I’m lucky that my eldest, Nell, would really just like to spend the summer at the library. This means that I can sometimes cheat a week of camp by trading off with my husband who works from home with her while she reads. When she was younger, trying to afford two kids in two camps every week of the summer was enough to require us to pick up an extra job just so we could afford the childcare to allow us to work our first jobs. These days, it’s become a complex negotiation of how much structure the girls need and how much just hanging out around the house we can get away with. We also recruit family members from afar to help with the summer schedule. It’s complicated further by the fact that…

Summer Camps Are Already Full

Can I just repeat that? It’s MARCH and some summer camps are ALREADY FULL! Some of you out there, you know who you are, are true champs at summer scheduling. I mean, how early do you start planning for this? I bet you actually color code your bullet journals. I bow before you. I wish I were a big enough of a person that I could just congratulate you on your skills. Your “withitness” in having already signed your kids up for a special week at Camp Rideahorse or Camp Awesomesauce is something I should aspire to. But I’m so aggravated that we have to plan 3 months in advance for these things that I just can’t.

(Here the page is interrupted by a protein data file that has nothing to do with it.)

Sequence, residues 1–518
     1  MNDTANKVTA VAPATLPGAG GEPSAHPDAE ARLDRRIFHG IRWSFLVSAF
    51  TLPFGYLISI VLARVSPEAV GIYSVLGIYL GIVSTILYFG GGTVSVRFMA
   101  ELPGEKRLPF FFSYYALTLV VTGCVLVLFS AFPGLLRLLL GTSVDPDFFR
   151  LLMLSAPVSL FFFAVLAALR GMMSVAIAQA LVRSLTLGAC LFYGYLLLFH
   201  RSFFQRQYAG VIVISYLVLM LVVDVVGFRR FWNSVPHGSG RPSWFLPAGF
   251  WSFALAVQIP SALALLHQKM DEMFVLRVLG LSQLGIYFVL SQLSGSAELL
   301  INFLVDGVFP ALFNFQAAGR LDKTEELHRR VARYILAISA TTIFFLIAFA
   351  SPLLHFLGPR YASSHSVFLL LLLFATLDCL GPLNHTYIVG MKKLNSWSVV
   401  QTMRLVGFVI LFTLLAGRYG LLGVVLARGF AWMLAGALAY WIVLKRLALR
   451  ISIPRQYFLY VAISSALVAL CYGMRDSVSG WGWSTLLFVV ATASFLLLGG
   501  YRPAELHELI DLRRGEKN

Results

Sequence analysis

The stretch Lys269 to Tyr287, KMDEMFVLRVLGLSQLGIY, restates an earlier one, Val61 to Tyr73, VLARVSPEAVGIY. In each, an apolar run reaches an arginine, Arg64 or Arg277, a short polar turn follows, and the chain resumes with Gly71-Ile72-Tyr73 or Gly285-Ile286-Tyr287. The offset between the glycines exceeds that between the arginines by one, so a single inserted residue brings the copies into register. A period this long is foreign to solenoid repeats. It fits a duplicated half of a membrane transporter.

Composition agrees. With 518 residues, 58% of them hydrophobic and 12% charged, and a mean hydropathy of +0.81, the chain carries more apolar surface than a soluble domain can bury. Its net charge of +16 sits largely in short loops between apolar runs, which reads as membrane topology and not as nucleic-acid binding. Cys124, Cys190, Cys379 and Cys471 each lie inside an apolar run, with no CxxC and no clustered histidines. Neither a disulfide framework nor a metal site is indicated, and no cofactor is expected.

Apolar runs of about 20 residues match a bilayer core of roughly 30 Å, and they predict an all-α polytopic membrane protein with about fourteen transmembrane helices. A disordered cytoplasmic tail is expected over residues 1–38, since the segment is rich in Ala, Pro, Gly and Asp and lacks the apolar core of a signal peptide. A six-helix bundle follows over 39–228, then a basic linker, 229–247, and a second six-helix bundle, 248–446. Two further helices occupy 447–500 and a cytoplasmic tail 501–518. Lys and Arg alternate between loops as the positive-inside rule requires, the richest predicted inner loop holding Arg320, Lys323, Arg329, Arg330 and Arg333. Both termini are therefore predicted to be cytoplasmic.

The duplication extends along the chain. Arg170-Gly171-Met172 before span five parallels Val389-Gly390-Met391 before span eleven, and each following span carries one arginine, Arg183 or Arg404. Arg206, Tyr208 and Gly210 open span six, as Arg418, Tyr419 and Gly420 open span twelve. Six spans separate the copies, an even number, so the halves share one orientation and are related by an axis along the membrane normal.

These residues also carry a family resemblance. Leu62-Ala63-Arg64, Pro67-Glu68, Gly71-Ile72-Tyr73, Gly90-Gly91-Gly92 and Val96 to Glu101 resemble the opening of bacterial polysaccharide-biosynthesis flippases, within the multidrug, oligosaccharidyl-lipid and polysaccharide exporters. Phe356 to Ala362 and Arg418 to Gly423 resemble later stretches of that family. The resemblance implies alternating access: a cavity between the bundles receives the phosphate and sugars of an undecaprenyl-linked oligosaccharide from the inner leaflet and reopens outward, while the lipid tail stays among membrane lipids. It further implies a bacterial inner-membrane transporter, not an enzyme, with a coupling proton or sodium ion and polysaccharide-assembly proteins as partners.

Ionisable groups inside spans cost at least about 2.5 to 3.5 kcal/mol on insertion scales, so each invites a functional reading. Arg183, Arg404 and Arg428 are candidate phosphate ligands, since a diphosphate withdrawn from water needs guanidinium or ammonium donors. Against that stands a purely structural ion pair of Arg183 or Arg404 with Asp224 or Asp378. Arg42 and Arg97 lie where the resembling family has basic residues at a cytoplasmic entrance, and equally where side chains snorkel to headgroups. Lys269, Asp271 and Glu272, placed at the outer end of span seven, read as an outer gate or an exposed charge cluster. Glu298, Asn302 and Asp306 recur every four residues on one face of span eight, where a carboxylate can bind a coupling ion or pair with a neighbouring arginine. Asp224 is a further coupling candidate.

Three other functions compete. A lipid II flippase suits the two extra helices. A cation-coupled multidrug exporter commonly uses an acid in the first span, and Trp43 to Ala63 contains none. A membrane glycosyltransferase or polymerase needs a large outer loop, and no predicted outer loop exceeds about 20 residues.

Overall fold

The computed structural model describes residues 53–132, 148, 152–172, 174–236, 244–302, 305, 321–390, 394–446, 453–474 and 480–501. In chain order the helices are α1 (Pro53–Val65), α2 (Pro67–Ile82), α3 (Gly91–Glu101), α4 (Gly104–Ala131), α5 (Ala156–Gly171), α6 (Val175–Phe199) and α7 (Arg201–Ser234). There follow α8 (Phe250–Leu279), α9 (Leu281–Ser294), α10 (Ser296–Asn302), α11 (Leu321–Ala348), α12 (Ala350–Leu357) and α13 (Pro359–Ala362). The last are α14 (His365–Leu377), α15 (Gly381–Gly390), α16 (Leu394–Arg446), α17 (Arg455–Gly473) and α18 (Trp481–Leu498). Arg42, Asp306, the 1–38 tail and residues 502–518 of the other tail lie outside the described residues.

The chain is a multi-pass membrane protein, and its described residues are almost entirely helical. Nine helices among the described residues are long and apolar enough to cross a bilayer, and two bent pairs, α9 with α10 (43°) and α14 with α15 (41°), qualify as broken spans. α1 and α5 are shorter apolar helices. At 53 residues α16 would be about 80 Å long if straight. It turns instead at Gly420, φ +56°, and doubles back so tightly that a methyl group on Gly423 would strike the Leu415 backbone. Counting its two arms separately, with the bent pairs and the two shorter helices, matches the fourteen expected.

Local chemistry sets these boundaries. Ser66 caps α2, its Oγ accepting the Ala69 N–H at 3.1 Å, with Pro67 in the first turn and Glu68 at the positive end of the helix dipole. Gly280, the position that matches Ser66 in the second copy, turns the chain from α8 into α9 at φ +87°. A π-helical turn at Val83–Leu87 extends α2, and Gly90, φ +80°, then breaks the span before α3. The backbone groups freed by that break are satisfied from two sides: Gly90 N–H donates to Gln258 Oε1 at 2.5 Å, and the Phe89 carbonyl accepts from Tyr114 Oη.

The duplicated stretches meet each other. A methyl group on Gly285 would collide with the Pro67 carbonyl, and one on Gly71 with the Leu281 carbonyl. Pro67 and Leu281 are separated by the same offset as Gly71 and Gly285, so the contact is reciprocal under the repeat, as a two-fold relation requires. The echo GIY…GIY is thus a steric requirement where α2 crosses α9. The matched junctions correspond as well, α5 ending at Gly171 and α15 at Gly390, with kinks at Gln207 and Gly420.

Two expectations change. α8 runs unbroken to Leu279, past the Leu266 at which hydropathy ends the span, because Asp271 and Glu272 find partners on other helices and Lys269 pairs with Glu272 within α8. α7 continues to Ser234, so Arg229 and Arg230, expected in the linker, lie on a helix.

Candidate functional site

I. Just. Can’t.

Case in point, last Saturday I stayed home from skiing with my family so I could catch up on work and sign my kids up for Camp Sleepawayamazing. Earlier in the week, because I try ladies, I really try, I had ALREADY filled out the camp forms. All I had to do on Saturday was log on at the specified time with my credit card in hand. BUT I was working, which meant that at the specified time I did not log on. Instead, two hours after the specified time I took a break from the job that will pay for Camp Sleepawayamazing only to discover that every slot for the ENTIRE SUMMER was already full.